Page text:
The reciprocal difference quotient is
The reciprocal derivative of f(x), symbolized by a reversed prime, is the limit of the reciprocal difference quotient as h approaches zero:
An alternate limit form of the reciprocal derivative definition of f(a) is
The reciprocal derivative of a linear function, f(x) = ax + b, is
The reciprocal derivative of a power function, f(x) = xn, is
In general the reciprocal derivative is the reciprocal of the classical derivative:
by the inverse function theorem.
The reciprocal derivative of a constant times a function is the reciprocal constant times the reciprocal derivative of the function:
The reciprocal derivative of the sum of two functions is the harmonic sum of the two reciprocal derivatives:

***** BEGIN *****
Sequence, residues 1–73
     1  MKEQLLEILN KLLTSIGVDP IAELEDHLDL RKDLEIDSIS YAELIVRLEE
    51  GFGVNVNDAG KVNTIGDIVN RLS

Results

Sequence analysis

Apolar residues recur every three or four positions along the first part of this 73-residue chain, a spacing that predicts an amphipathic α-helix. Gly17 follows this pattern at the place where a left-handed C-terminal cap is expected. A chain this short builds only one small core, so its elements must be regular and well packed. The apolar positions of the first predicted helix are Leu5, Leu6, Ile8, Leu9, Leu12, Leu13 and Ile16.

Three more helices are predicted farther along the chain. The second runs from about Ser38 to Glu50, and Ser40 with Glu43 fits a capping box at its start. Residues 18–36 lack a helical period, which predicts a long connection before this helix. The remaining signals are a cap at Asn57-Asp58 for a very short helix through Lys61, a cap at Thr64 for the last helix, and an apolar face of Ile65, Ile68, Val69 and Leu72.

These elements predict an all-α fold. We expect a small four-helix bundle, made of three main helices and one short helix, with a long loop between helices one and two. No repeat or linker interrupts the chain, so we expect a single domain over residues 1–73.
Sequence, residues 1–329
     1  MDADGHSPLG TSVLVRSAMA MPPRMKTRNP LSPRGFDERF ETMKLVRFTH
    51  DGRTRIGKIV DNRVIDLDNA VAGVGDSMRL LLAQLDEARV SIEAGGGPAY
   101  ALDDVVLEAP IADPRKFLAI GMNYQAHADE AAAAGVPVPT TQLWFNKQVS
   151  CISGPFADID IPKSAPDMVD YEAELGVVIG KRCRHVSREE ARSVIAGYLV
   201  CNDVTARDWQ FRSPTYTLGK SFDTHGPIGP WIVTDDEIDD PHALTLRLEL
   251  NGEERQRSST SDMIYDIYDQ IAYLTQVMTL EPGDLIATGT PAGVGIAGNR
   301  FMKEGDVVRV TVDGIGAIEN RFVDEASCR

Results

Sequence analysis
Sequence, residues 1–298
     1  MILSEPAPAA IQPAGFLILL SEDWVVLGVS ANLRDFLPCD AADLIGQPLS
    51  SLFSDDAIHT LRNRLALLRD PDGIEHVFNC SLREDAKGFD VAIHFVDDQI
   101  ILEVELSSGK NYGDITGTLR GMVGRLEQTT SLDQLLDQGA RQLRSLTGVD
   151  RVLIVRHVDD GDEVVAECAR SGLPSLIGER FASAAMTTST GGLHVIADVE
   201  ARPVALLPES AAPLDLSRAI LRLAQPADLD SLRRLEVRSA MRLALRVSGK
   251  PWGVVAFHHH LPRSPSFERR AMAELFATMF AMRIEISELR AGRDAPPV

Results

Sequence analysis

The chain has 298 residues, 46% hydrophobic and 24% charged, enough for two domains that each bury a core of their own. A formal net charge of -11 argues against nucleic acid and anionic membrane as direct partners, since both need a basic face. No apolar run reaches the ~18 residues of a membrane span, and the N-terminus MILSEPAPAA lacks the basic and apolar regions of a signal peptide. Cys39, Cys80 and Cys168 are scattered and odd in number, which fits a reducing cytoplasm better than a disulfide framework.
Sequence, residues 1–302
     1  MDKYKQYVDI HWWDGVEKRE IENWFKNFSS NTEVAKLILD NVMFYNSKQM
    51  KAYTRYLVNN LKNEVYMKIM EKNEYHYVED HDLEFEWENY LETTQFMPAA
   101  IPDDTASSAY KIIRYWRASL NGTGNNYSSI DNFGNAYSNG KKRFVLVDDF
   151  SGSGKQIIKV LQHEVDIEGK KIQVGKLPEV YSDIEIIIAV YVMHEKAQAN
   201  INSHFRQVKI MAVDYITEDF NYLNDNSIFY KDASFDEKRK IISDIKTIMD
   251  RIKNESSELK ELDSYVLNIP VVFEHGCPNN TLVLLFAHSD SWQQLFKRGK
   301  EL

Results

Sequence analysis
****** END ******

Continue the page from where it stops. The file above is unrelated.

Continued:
in which the circled plus represents harmonic addition. One may easily prove the following for differentiable functions f and g:
If the functions f and g and inverses of one another, then by the inverse-function theorem:
Why would someone use the reciprocal derivative instead of the derivative? The reason is that they might rather work with a function than with its inverse. In the neighborhood of a non-zero derivative according to the inverse-function theorem, the reciprocal of a derivative equals the derivative of the inverse function (assuming non-zero derivatives). So one can get at the inverse function through the reciprocal derivative.
This applies to instantaneous rates of change such as speed, dx(t)/dt. These rates are appropriate if time is the independent variable, but if distance is the independent variable, then the inverse rate, dt(x)/dx, would be appropriate. But we are accustomed to working with speed rather than its inverse, pace. In that case we can use the time speed, (dx(t)/dt)-1 = dt(x)/dx, which is the reciprocal derivative of x(t) but the derivative of t(x).
Reference: “Properties of Reciprocal Derivatives” M. M. Pahirya and R. A. Katsala, Ukrainian Mathematical Journal, Vol. 62, No. 5, 2010, pages 816-823.